LEONARDO THINKS 1968 – 2011
Contemporary Opinion by Wasim Maziak
Wasim Maziak argues for the importance of an institutionalized front of scientists and artists for world peace and sustainability.
On the Verge of Avalanche
The end of the Cold War ushered in an era of optimism for a safer and more inhabitable world. Many thought, rather naively, that, with the disappearance of conflicting superpowers, elements of struggle and antagonism would be neutralized. Sadly, this hopeful moment was short-lived, as the world awakened once again to cries of battle along virtually every line of segregation between people and nations. On the environmental front the situation is even worse. Pollution and resource depletion that previously took place over the span of centuries are now occurring in one short human lifespan. Fueled by narrow ideological or economic interests and not able to utilize the collective wisdom of history, we seem insistent on reliving the mistakes of the past. Some of us may now have longer and healthier lives, but the fruits of this progress
are grossly mal-distributed, with the majority of the world’s population receiving hardly any. Achieving the minimum dignified existence has become a remote possibility for most of the world’s population—a certain formula for trouble.
Throughout history, whenever an ideology is given a political machine, it becomes a vehicle for cruelty and destruction. Ideologies do not recognize individuals, gray areas, self-criticism or anything outside their narrow boundaries. For in service of the ultimate truth, all means and sacrifices are justified. Corporate interest, on the other hand, is a driving force in many conflicts and wars as well as global health and environmental problems. We see political ideologies or aggressive economic interests—or worse, both—at the heart of every current human or natural conflict. Our world today, alas, is shaped by greed and politics.
While globalization and growth may have their positive effects, we must understand that we have reached the limits of our ecosystem’s endurance, and that already cultures have reached the clashing point. Unless we create a global cushion to ameliorate our contact with nature and each other, as well as develop effective brakes for the mad drive of politics and business, our civilization’s collapse is inevitable. This conclusion is based on facts and supported by unmistakable signals. The rates of climate change, accumulation of greenhouse gases, deforestation and rising sea levels are outpacing not just the most dismal predictions, but also, more importantly, nature’s own capacity to adjust. On the human front, it is hard to think of another point in history when hatred between nations and groups has been more rampant or vicious.
The creation of this global cushion is emerging through a multitude of human rights and environmental groups on the grassroots level and international institutions and treaties on the governmental level. This movement, however, is still unsynchronized and undermined by influential political and economic interests and at times better at pointing out the problem than at finding viable solutions. The strengthening and coordination of this movement has never been more urgent, and its reinvigoration by the critical mass of scientists and artists has never been more sorely needed.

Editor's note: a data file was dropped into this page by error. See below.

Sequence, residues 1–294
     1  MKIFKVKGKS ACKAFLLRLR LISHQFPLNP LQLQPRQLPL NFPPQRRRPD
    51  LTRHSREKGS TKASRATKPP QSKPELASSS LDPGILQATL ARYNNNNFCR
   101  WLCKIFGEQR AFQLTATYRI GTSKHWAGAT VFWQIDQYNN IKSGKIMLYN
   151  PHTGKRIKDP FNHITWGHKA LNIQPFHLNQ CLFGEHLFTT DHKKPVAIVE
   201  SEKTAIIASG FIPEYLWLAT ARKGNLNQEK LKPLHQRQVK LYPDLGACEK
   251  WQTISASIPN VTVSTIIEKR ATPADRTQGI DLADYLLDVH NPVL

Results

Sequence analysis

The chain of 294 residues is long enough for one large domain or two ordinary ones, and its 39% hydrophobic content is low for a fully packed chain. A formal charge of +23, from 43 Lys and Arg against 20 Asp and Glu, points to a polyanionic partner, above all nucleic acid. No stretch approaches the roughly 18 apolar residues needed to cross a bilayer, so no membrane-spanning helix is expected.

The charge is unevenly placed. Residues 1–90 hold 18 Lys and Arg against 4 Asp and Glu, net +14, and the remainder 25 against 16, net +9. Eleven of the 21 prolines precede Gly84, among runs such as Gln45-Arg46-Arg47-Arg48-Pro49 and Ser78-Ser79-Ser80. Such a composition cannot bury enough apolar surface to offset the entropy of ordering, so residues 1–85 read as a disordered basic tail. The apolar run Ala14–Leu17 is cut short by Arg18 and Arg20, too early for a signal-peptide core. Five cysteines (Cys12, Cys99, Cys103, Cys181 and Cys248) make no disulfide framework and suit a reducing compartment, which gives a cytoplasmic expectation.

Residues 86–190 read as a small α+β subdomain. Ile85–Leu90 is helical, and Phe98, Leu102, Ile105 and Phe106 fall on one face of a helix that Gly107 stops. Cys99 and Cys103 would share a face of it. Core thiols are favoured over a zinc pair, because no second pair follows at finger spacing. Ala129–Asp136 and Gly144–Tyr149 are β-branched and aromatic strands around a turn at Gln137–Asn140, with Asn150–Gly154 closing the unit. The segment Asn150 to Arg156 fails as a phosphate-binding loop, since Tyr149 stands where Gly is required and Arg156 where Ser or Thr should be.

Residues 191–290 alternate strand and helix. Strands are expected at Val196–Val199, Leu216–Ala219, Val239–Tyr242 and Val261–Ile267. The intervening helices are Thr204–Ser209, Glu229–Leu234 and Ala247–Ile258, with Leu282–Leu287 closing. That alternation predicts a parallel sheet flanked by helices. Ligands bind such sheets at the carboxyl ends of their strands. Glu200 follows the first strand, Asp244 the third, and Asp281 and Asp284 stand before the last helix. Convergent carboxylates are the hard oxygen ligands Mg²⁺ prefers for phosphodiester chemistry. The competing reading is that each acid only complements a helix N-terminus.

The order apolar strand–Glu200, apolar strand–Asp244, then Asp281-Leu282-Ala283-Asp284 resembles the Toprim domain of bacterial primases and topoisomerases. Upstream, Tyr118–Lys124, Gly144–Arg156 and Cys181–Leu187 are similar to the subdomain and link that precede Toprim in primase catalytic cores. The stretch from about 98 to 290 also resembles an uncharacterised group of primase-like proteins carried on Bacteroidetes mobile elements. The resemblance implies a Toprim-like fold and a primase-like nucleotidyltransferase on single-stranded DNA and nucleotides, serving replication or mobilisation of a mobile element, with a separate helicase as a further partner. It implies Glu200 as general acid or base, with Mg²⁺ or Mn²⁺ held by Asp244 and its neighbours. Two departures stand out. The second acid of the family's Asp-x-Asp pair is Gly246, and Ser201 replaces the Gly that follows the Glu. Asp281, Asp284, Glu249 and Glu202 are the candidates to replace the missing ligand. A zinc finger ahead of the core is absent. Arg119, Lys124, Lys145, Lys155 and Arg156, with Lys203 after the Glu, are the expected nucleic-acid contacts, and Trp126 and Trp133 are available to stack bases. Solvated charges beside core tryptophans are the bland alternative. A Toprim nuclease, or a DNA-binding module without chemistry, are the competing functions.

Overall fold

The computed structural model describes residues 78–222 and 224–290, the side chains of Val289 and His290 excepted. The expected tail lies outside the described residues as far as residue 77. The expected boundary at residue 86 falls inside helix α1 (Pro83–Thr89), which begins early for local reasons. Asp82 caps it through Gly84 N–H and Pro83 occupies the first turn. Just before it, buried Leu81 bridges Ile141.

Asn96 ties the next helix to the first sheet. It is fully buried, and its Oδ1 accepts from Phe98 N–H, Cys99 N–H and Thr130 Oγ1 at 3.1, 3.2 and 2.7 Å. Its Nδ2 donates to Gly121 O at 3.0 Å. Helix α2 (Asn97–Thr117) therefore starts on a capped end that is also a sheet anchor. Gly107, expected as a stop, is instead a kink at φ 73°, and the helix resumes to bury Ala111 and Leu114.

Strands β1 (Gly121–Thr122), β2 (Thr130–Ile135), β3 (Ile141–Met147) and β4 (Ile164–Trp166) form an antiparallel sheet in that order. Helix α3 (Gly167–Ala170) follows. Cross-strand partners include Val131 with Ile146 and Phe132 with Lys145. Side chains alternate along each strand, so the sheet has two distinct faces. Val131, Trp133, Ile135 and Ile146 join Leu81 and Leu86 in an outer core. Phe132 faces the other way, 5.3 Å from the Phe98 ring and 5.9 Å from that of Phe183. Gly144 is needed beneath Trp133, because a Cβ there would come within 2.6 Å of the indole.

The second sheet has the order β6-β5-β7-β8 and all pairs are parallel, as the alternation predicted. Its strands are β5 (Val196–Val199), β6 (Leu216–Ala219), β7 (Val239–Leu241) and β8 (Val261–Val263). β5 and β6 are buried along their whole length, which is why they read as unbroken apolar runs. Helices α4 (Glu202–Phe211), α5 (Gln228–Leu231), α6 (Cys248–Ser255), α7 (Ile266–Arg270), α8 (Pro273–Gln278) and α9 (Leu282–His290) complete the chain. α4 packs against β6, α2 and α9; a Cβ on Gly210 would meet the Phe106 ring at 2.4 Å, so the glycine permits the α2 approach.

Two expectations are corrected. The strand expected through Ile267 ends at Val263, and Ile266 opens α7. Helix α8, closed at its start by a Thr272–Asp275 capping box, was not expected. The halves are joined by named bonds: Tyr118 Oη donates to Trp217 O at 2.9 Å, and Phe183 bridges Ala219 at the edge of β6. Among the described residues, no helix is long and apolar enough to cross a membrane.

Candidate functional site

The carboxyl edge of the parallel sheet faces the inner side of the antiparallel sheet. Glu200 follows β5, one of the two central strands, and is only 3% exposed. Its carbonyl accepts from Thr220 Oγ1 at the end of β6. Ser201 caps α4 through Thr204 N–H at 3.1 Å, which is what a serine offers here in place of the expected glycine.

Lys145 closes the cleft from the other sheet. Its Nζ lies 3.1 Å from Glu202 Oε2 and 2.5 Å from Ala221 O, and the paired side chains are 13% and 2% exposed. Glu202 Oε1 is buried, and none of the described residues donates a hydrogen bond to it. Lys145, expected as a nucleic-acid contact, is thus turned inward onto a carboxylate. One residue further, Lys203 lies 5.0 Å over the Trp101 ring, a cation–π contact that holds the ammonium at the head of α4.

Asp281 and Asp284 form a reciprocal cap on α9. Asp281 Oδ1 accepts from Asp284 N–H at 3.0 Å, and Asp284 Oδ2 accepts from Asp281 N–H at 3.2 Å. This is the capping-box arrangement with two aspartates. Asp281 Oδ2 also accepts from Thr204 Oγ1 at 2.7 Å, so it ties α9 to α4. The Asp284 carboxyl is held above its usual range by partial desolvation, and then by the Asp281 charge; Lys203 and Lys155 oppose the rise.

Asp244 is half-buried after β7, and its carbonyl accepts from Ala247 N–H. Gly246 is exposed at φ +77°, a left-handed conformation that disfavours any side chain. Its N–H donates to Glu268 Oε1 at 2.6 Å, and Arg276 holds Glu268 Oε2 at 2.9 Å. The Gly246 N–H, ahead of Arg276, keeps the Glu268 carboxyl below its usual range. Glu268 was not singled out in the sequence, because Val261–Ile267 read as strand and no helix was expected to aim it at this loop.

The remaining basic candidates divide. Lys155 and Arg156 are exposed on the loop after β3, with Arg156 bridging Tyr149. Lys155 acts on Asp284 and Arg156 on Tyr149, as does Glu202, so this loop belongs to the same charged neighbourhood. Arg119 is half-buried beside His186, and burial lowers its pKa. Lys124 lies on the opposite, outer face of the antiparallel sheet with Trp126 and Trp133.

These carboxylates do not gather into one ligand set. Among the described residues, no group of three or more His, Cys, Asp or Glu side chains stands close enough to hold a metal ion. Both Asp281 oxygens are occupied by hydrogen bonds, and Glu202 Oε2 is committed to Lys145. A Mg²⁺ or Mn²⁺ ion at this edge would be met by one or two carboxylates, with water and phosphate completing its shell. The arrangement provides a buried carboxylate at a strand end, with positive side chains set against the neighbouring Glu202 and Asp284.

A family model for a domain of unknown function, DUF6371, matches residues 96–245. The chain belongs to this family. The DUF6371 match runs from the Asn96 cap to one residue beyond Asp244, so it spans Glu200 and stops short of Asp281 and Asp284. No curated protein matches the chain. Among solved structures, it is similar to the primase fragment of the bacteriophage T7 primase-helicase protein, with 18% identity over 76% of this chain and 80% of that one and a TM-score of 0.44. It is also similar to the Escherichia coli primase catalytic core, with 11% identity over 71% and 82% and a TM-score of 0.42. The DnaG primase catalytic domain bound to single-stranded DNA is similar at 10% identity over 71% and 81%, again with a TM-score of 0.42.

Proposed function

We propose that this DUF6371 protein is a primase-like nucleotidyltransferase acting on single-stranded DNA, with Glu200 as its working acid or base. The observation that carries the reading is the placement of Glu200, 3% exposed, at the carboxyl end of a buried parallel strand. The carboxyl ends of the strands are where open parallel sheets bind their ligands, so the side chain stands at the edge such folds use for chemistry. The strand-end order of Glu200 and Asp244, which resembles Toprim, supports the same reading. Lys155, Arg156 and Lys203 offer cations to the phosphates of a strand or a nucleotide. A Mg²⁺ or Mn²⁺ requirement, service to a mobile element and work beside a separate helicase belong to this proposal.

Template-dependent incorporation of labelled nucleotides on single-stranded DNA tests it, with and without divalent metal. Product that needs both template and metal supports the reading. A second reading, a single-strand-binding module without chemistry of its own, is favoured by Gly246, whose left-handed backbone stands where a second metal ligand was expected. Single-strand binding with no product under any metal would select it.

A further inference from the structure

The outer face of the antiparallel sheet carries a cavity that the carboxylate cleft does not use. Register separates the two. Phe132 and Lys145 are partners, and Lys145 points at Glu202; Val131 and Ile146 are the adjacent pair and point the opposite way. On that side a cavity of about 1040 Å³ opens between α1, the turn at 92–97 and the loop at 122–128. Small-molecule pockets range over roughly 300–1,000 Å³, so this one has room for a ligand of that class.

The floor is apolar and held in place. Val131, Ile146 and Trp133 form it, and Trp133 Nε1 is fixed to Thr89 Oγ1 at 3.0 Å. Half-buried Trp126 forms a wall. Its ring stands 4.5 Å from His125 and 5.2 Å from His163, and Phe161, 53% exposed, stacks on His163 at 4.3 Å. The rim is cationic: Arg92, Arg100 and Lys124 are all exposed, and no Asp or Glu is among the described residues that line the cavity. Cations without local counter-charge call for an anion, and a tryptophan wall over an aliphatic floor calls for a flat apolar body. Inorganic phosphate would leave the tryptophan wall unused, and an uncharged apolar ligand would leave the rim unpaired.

Understandably, scientists and artists may be the least willing to be involved in “politics,” and many, rightly so, consider such involvement to be a distraction from creativity and inventiveness. Unfortunately, the luxury of devoting one’s whole self to probing into the wonders of science and the arts is one we can no longer afford. Neither art nor science can thrive in an unstable, depleted world. Scattered goodwill initiatives such as Live Aid should now be replaced with an institutionalized front of scientists and artists for world peace and sustainability. Leonardo could aid in such a coordinated response.
The struggle ahead is not an easy one. We face a mix of big interests, rigid human beliefs, selfishness and ignorance. Creative solutions must provide lucrative alternatives that make investing in peace and nature the most rewarding choice for both the short and long term. The usual goodwill jargon and north-south course of global initiatives is not going anywhere.
A genuine democratic dialogue can provide a learning experience for the revival of common human values at the expense of narrow cultural fervor. The battle must be fought: at stake is nothing less than the lives and welfare of our own children and beloved. If we do not prove ourselves capable of using past experience to inform the future, we are a species doomed for extinction.
Wasim Maziak is a Professor of Epidemiology and Biostatistics at the University of Memphis. More information about his work is available at http://firstname.lastname@example.org. His email is email@example.com.
ISSN No: 1071-4391
Author: Wasim Maziak
Professor, Epidemiology and Biostatistics
Originally published in: Leonardo April 2006, Vol. 39, No. 2: 95–95
Print: ISSN 0024-094X, Online: ISSN 1530-9282, DOI: http://www.mitpressjournals.org/doi/pdf/10.1162/leon.2006.39.2.95.
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